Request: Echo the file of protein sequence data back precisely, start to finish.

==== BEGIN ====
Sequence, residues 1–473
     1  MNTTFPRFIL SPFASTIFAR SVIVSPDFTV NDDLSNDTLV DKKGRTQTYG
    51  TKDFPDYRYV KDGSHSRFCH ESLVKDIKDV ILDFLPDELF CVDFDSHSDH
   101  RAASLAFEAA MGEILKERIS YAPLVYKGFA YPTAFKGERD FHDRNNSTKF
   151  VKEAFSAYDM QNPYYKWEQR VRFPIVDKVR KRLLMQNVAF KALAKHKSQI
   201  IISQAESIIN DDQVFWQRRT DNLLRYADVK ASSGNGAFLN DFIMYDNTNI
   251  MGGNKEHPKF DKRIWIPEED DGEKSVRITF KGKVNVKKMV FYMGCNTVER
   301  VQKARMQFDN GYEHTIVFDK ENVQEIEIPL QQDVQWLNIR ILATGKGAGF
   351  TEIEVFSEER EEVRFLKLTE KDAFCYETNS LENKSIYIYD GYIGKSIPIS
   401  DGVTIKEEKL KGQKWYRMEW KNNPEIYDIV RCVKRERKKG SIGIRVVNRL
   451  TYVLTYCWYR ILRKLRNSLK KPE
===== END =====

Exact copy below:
Sequence, residues 1–473
     1  MNTTFPRFIL SPFASTIFAR SVIVSPDFTV NDDLSNDTLV DKKGRTQTYG
    51  TKDFPDYRYV KDGSHSRFCH ESLVKDIKDV ILDFLPDELF CVDFDSHSDH
   101  RAASLAFEAA MGEILKERIS YAPLVYKGFA YPTAFKGERD FHDRNNSTKF
   151  VKEAFSAYDM QNPYYKWEQR VRFPIVDKVR KRLLMQNVAF KALAKHKSQI
   201  IISQAESIIN DDQVFWQRRT DNLLRYADVK ASSGNGAFLN DFIMYDNTNI
   251  MGGNKEHPKF DKRIWIPEED DGEKSVRITF KGKVNVKKMV FYMGCNTVER
   301  VQKARMQFDN GYEHTIVFDK ENVQEIEIPL QQDVQWLNIR ILATGKGAGF
   351  TEIEVFSEER EEVRFLKLTE KDAFCYETNS LENKSIYIYD GYIGKSIPIS
   401  DGVTIKEEKL KGQKWYRMEW KNNPEIYDIV RCVKRERKKG SIGIRVVNRL
   451  TYVLTYCWYR ILRKLRNSLK KPE